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2000AD, Prog 2042

by ModernPanther on August 05, 2017

Writer: Michael Carroll; Gordon Rennie; Emma Beeby; Pat Mills; Dan Abnett

Artist: Paul Marshall; Eoin Coveney; John Higgins; Mark Harrison, PJ Holden; Tiernan Trevallion

Colourist: Quinton Winter; Sally Hurst; Len O’Grady

Publisher: Rebellion

 

It’s Prog 2042 and we dip into five unique 2000AD sci-fi universes, some old and some new.

 

Ouroboros is, at first glance, a comedic and throwaway short with playful art, a giant puppy and the surprise return of a character, as Judge Dredd investigates drug dealers disguised as giant pandas. But Ouroboros has dark links to previous Dredd tales and hints at the seedy, vicious underbelly of Dredd’s world as a mutant underclass are manipulated by a corporation. Dredd does little more than scowl in this episode, as we get essential plot exposition and comedy barbs from another character, but the small details in the art and witty writing keep the attention.

 

Nu Earth has been the location of the unending war between the Norts and Southers since 1981, when genetically engineered soldier Rogue Trooper started ignoring orders and set off to track down the Traitor General and avenge his dead brothers. There have been numerous attempts at expanding the universe beyond its simple roots, but until recently they have been unsuccessful. Hunted is the most recent attempt, moving the conflict beyond the battlefield and into interplanetary diplomacy as the Traitor General manipulates warring nations for his own ends. We’re nine parts in, and i'ts only now starting to warm up as the many threads come together, but we find ourselves focussed on a gun battle whilst a massive space war wages just out of view. Hunted is an interesting idea, but this big built up will need a grand conclusion

 

Pat Mills is the godfather of 2000AD, responsible for many of its early stories and the overall anti-establishment tone of the comic. Stories by Mills are like songs by the Smiths – fundamentally English, popular, catchy, but with dialogue so clunky it must surely be deliberate. Greysuit is the action packed adventure of brainwashed super-agent John Blake, in this episode throwing fruit at his enemies from the top of a bus whilst they shout back song lyrics. Political commentary is the norm in 2000AD, but whilst most other creators are satirising modern populism and the rise of Trump, Greysuit is still commenting on 1980’s Britain, with references to Margaret Thatcher, Princess Diana, Benny Hill and the Falkland War. This world of bowler hat wearing politicians who openly discuss a simplistic class war may have been cutting thirty years ago, but now it feel tired and cliched.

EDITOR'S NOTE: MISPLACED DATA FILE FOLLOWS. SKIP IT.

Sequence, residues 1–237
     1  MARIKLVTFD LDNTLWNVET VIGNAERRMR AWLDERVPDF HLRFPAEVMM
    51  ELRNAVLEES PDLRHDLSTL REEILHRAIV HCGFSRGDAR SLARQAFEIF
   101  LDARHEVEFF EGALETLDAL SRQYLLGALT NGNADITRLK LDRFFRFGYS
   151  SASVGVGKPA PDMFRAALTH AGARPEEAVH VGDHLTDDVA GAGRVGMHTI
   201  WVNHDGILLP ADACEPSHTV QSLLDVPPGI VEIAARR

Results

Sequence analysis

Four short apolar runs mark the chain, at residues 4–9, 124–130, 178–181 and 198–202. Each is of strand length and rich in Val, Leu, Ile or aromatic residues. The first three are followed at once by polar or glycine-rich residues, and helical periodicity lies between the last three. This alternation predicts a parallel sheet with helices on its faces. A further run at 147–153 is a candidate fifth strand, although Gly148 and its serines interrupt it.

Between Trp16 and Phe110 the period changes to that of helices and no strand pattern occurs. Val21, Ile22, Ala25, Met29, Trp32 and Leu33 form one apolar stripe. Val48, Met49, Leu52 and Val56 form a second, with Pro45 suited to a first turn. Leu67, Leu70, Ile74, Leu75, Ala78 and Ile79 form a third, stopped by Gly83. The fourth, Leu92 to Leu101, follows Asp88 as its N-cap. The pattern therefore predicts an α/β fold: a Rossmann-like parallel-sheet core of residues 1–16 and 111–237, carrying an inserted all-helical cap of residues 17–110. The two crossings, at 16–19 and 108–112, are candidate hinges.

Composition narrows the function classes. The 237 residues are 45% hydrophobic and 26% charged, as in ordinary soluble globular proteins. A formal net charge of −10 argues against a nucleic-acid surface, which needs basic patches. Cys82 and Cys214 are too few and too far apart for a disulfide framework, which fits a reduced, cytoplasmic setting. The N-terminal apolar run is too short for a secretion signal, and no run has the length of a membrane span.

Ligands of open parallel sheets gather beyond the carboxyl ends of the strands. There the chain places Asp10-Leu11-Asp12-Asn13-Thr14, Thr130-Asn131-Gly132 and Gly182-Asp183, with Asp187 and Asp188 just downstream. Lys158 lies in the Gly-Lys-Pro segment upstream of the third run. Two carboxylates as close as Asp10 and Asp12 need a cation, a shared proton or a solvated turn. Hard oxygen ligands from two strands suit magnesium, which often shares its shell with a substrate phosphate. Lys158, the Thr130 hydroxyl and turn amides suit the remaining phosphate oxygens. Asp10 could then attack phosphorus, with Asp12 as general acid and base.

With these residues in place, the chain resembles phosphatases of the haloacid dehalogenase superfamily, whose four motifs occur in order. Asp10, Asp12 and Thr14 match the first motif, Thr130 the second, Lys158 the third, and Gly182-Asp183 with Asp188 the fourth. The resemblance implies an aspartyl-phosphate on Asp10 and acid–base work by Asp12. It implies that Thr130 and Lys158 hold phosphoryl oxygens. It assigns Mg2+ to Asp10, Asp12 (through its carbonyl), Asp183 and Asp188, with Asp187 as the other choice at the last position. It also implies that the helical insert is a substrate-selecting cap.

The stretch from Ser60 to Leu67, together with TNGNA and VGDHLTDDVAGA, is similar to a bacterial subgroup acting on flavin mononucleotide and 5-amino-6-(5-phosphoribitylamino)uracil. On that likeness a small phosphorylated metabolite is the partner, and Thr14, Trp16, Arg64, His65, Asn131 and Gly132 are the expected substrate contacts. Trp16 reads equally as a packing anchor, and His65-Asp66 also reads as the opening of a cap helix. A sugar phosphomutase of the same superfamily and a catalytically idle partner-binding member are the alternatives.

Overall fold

The other shade of grey in this weeks issue, Grey Area, is a more colourful action adventure with messy, neon-glow artwork which encapsulates the chaos of the Exo Segregation Zone, where alien visitors to Earth are detained in the planet’s biggest airport lounge/refugee camp. It’s a fast moving, action packed comedy with big guns, but Grey Area’s already considerable backstory and the frenetic style can make it difficult to follow. This episode is a throwaway one-off, as an alien visitor causes chaos when he journeys to earth of say hello to his old friends.

 

The Alienist starts this prog, as psychic detectives investigate an unexplained death in 1908 England. It starts well, establishing characters quickly whilst hinting at the slightly askew world where magic simmers just below the surface and dark forces are quietly at work.

 

 

Our Score:

6/10

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